November Speaker: The King of Tides -- Nova Scotia's Bay of Fundy by Ray McDougall

by Cindy Schmidtlein, MSDC Vice President

Nova Scotia’s Bay of Fundy

Nova Scotia’s Bay of Fundy has been famous among mineral collectors for a long time. The shoreline and island occurrences are among the earliest of Canadian mineral localities, and have been producing superb specimens of many mineral species since the mid-19th century.

The Bay of Fundy also is known for the highest tides in the world, with a difference of over 50 feet from low to high tide. These daily surges of huge volumes of water scour the cliff bases of the shorelines and the islands. Together with the annual destruction caused by freeze-thaw, the phenomenal tides cause significant erosion and change, constantly exposing mineralized areas.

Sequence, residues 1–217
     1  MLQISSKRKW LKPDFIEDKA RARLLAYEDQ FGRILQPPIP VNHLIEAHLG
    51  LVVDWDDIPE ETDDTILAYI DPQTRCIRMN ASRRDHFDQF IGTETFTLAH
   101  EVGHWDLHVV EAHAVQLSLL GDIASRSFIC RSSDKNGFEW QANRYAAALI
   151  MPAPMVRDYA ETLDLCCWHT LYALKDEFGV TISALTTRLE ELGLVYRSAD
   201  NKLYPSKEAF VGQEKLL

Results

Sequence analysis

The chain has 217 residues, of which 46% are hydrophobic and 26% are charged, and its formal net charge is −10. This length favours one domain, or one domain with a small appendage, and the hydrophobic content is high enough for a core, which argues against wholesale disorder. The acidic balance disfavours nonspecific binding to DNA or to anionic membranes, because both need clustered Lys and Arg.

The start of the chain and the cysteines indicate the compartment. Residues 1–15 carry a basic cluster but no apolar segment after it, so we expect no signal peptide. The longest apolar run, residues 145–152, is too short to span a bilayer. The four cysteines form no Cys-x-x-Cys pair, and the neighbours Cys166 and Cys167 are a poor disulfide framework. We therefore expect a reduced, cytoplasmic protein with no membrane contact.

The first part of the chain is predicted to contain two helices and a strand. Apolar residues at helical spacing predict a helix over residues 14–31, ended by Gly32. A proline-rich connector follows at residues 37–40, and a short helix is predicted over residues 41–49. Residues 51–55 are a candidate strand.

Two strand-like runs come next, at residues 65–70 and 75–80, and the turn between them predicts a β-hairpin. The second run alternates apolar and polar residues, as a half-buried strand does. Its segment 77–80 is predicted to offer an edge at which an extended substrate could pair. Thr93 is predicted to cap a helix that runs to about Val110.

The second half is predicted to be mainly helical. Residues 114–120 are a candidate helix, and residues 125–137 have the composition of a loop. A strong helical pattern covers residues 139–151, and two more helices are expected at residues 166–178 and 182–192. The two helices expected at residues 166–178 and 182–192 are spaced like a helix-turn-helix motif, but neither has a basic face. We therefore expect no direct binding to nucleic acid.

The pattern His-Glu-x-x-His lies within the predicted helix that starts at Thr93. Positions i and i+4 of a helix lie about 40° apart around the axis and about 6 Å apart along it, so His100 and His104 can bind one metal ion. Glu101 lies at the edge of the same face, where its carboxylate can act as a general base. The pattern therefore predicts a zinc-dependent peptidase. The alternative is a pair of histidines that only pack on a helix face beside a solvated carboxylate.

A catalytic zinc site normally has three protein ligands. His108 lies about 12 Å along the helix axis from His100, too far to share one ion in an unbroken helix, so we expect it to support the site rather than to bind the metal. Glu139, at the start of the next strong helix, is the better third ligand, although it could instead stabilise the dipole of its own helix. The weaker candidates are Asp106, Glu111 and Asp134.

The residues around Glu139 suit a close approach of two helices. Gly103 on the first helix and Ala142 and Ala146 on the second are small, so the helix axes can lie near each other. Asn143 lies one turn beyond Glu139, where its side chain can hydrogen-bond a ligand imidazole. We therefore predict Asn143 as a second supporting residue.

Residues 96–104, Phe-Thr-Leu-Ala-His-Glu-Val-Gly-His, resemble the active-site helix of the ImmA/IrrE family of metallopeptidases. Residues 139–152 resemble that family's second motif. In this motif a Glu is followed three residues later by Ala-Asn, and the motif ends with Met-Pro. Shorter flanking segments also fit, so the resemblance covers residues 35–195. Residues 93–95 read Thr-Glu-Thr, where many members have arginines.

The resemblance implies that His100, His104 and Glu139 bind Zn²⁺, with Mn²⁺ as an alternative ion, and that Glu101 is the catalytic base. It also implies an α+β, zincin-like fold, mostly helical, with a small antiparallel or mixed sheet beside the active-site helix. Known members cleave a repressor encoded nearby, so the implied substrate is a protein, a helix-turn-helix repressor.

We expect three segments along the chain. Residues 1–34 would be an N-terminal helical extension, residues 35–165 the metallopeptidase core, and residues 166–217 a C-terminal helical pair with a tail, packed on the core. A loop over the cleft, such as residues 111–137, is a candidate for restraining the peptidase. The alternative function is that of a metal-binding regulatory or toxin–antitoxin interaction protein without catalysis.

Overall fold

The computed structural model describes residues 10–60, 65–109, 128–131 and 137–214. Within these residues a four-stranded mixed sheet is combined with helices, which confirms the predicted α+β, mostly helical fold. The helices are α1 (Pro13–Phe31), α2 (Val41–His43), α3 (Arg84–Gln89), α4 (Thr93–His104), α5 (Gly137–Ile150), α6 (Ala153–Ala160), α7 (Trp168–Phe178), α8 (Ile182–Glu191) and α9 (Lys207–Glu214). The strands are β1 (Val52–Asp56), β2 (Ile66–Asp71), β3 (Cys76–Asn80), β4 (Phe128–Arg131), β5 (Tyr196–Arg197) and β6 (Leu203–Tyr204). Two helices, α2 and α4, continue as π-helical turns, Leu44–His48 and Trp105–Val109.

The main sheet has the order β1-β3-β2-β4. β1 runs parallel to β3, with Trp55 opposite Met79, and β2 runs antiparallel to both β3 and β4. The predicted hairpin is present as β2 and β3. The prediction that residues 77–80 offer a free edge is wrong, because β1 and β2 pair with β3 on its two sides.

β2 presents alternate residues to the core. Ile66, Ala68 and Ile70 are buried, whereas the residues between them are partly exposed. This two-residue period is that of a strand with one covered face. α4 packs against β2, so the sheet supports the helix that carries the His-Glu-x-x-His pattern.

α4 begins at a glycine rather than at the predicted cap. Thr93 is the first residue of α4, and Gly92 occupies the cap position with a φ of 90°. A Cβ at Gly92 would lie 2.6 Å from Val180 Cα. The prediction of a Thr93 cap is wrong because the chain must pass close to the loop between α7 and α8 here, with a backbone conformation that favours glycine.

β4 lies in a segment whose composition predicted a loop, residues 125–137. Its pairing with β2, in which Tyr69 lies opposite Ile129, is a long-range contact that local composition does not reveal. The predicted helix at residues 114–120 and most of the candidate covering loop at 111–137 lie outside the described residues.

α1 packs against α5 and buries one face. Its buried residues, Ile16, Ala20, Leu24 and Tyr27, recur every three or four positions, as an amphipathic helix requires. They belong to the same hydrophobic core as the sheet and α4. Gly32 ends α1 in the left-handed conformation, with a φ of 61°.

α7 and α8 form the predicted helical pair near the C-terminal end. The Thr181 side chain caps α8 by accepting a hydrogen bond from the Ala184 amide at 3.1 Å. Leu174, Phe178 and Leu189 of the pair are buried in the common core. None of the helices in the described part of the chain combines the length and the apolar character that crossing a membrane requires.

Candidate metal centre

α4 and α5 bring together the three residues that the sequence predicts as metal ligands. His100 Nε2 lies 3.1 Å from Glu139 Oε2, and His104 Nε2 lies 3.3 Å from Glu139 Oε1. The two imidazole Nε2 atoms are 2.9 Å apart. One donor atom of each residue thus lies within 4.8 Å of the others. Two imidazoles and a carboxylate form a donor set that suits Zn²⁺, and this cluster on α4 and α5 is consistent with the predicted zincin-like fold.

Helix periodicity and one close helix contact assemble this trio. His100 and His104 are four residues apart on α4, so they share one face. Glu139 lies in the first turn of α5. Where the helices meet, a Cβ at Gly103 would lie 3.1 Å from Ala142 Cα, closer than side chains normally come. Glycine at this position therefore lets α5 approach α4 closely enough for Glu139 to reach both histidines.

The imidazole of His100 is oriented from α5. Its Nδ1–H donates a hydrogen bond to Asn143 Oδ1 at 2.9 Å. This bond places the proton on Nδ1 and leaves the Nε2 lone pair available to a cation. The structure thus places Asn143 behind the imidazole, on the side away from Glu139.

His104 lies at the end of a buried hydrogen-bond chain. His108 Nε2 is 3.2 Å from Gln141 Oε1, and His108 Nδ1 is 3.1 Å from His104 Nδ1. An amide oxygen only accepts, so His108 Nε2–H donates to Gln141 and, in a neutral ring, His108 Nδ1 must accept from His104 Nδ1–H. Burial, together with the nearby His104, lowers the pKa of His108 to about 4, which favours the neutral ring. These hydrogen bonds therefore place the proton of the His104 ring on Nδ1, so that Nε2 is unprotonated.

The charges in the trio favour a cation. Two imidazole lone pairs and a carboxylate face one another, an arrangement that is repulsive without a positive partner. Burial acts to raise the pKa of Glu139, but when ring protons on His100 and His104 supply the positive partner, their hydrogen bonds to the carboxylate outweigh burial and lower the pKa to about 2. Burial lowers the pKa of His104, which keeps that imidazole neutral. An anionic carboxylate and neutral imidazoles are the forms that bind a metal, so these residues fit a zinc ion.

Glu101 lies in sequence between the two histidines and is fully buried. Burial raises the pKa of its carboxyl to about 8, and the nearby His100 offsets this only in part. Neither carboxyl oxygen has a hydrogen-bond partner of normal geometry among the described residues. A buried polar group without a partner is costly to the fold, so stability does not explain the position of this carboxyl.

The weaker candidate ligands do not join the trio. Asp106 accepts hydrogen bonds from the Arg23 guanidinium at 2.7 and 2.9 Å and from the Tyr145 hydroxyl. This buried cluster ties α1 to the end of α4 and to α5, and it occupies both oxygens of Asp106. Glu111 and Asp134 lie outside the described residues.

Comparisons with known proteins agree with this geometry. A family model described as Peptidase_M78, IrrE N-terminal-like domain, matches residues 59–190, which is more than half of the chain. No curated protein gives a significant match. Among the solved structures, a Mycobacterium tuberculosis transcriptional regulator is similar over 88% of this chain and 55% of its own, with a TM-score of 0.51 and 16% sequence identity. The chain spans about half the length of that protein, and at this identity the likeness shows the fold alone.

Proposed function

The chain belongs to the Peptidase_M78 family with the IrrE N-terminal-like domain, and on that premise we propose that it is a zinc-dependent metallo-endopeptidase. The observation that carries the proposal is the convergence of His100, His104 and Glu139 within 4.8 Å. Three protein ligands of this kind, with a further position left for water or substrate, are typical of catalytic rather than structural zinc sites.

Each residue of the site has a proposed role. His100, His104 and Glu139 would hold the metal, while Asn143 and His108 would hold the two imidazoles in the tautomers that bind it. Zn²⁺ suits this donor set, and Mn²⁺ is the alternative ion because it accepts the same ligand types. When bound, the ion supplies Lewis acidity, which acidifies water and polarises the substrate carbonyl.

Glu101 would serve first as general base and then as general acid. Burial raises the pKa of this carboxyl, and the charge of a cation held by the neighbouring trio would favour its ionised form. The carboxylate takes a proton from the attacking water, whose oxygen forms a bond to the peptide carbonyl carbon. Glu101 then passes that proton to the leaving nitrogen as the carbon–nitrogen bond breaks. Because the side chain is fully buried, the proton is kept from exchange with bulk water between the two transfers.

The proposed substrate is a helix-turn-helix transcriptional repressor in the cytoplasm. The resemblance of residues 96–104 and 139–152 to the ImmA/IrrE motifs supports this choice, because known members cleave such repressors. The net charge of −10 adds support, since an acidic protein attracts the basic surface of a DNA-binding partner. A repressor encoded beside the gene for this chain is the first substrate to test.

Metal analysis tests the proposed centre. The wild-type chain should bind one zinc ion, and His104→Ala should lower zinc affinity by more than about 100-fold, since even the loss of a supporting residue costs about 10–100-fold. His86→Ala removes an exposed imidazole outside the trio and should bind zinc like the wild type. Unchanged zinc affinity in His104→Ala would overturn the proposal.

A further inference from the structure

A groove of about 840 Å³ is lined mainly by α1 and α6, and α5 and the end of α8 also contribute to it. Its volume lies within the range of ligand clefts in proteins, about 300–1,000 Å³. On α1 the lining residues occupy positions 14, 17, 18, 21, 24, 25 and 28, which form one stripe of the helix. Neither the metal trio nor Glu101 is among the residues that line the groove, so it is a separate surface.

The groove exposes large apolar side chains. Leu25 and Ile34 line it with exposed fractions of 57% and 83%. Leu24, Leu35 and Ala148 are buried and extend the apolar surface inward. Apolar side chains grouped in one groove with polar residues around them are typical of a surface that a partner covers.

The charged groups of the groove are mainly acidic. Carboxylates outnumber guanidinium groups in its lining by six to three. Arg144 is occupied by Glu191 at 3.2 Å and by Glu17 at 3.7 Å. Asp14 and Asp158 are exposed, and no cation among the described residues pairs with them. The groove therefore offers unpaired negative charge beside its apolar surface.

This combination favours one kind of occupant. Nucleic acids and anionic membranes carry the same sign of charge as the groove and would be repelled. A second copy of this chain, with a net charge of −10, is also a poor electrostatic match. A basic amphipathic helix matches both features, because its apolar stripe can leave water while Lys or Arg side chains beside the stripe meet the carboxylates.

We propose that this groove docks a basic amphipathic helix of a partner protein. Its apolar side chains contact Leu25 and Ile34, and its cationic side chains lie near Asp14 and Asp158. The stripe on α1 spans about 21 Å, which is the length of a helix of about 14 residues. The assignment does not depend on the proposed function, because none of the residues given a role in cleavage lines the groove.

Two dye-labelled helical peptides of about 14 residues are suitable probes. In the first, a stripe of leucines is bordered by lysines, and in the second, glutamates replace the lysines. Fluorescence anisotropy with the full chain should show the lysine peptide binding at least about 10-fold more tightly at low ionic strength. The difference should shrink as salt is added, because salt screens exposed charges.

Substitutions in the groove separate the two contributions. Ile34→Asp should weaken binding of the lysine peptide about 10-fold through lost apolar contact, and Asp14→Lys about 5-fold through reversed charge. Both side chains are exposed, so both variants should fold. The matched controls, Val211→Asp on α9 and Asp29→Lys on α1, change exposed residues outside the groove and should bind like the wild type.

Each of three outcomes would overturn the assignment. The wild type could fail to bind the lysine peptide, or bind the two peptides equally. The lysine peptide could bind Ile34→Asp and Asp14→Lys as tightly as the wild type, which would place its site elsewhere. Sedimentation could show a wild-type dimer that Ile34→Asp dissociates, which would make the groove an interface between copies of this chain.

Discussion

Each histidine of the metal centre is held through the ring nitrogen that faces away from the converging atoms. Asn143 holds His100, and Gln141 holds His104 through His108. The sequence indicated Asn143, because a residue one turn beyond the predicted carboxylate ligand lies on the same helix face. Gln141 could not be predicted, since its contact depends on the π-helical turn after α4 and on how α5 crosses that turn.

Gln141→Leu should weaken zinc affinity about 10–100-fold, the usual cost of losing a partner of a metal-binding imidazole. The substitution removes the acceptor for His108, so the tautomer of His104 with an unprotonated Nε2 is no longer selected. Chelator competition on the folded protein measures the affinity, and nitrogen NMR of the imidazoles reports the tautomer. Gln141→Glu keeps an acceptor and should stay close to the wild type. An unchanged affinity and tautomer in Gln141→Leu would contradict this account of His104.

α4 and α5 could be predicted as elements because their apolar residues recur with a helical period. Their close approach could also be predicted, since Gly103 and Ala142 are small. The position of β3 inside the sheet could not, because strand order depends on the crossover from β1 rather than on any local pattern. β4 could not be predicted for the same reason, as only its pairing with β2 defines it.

Several minerals occur in world-class specimens from the Bay of Fundy localities:
analcime, chabazite, and gmelinite are the classics. Excellent specimens of natrolite, native copper, thomsonite, heulandite, and laumontite also are found.

Ray's presentation will focus on five classic localities and will focus on beautiful minerals from this region, highlighting specimens that have been collected over the last 25 years. He also will share with us some insights into the nature of the collecting in the localities and the scenery along Nova Scotia’s Bay of Fundy.

Raymond McDougall's Bio

Our speaker, Ray McDougall, was born in Montreal, grew up in Toronto, and studied mineralogy and geology while completing a B.A. at McGill University in 1992. He went on to become a corporate securities lawyer in Toronto for 18 years, where he worked with clients in the Canadian mining industry. He retired from law in 2013 to become a mineral dealer (McDougall Minerals, and is the past Chair of the Rochester Mineralogical Symposium.

Ray has been an avid mineral collector since childhood and has been a member of
the Walker Mineralogical Club in Toronto since the early 90s. He enjoys field
collecting and lives in the woods near Bancroft, Ontario where he regularly burrows in holes in the woods. Ray travels internationally in pursuit of fine mineral specimens - and he spends a lot of time in a dark room taking photographs of minerals.